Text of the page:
• Unusually for rivers in Britain, the River Trent flows in a northerly direction.
  • Some people believe that the name of the River Trent is linked to the Celtic word for ‘strong flood’.
  • Over 80 bridges cross the River Trent. Perhaps the most spectacular of these is The Swarkestone Bridge, Britain’s longest bridge made of stone. This bridge is located about 5 miles south of Derby.
  • The River Trent passes through several different English counties: Derbyshire, Lincolnshire, Leicestershire, Nottinghamshire, Staffordshire and Yorkshire.
  • The River Trent was an incredibly important trade route (particularly during the 1700s, 1800s and 1900s) and it is one of the main reasons why the Midlands became a key industrial area during the Industrial Revolution.
  • In Nottingham, the River Trent flows under the beautiful Trent Bridge. This is also the name given to Nottingham’s cricket ground.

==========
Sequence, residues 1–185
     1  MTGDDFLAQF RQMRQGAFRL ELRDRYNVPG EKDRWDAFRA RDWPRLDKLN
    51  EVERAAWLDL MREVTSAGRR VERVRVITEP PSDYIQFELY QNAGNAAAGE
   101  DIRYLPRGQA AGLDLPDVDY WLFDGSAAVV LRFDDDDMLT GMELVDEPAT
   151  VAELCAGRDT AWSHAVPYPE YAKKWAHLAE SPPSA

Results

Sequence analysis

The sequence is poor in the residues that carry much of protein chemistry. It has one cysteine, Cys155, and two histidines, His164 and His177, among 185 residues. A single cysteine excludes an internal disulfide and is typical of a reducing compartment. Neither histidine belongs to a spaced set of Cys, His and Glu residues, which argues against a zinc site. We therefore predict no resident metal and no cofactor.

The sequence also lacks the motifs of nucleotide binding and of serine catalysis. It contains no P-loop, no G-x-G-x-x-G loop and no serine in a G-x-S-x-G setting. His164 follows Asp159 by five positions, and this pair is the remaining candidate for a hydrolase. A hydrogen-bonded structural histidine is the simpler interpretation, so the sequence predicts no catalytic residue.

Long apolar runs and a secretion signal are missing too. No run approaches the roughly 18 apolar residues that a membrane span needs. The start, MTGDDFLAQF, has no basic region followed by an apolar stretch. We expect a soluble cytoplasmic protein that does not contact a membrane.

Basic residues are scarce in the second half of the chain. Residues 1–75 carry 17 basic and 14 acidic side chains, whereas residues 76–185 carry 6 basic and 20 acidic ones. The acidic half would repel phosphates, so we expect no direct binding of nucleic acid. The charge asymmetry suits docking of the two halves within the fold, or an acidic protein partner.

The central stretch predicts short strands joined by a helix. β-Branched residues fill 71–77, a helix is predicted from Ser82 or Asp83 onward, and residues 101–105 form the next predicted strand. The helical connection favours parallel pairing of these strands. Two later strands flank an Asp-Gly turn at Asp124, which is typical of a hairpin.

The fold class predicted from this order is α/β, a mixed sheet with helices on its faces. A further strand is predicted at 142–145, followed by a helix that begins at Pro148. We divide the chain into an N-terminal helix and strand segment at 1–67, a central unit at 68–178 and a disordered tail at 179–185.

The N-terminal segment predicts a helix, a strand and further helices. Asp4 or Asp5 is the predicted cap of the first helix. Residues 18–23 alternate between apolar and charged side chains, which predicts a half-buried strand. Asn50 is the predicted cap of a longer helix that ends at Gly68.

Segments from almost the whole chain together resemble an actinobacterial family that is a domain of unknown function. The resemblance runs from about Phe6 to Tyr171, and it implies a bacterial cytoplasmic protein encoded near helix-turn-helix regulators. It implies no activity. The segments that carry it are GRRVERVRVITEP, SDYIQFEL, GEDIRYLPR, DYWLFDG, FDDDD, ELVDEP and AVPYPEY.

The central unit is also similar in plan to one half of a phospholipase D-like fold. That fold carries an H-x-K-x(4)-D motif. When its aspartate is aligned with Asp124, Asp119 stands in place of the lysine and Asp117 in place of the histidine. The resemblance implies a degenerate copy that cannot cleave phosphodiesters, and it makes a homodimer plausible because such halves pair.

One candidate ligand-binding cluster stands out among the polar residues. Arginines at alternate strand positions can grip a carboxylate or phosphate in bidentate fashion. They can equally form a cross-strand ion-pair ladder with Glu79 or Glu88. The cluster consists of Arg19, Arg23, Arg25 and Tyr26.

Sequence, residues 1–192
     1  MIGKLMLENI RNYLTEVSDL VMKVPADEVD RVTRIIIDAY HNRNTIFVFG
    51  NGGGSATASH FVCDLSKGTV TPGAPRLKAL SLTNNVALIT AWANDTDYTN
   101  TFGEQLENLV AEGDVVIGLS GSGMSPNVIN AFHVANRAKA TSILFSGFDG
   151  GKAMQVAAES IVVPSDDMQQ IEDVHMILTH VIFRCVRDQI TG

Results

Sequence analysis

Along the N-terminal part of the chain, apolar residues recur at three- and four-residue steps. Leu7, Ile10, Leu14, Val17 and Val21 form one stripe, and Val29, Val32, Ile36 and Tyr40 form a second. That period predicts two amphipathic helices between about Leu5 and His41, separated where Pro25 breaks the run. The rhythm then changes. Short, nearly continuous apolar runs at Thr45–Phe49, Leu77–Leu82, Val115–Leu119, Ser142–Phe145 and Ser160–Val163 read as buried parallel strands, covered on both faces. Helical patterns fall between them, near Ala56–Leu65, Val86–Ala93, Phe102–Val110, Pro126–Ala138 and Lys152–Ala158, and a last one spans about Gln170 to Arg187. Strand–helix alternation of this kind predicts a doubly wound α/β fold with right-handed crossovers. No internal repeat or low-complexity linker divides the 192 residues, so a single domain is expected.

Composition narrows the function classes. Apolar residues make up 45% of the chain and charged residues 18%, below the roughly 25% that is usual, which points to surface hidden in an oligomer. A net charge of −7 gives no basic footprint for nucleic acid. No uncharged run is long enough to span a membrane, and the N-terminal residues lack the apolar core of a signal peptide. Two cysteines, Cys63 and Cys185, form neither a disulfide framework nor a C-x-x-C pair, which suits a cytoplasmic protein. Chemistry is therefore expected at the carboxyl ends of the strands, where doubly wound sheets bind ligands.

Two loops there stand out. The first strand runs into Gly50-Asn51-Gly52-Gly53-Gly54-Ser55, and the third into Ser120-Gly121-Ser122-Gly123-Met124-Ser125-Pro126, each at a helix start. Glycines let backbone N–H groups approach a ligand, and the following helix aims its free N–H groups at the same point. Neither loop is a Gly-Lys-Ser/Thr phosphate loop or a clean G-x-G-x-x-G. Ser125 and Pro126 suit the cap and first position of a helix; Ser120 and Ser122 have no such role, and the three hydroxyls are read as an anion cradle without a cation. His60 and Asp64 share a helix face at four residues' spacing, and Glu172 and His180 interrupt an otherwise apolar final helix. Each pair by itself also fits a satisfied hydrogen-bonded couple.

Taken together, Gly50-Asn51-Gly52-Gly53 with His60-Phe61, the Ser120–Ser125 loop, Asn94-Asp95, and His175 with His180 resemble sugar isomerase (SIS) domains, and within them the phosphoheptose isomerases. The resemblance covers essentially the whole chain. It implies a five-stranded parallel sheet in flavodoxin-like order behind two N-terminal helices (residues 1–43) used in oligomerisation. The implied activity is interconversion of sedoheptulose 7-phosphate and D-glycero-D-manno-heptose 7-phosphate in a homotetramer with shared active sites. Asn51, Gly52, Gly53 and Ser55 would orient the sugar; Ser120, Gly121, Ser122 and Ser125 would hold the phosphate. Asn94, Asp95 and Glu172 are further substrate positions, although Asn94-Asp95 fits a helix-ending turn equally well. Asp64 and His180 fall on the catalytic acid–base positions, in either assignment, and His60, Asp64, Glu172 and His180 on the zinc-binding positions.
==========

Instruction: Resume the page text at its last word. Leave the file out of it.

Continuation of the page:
• More than 30 different types of fish live in the Trent.
  • Today the water of the Trent is clean and largely free from pollution. This certainly wasn’t the case during the 19th and early 20th centuries when the Trent was polluted by the emissions from the many factories which used its water in their manufacturing processes.

The River Severn: Facts and Key Information

River Severn Fact File

Length: 354 km (220 miles)

Source: Plynlimon (Wales)

Mouth: Severn Estuary (Bristol Channel, England)

Other Facts About The River Severn

  • At 354 km the River Severn is the longest river in the British Isles.
  • It flows through the region of Powys in Wales, and the counties of Shropshire, Worcestershire and Gloucester in England.
  • The Severn has the greatest water flow of any river in England or Wales.
  • The River Stour, River Vyrnwy, River Worfe, River Teme, River Wye and River Avon (Warwickshire Avon) are all tributaries of the Severn.
  • Several large towns have developed from the original settlements on the banks of the Severn. These include: Newtown, Welshpool, Shrewsbury, Ironbridge, Stourport, Worcester, Tewkesbury and Gloucester.
  • The River Severn is bridged in lots of places. Two of the bridges, the Severn Bridge and the Second Severn Crossing, link Wales and England by road.
  • Before the 16th Century, the Bristol Channel was known as The Severn Sea.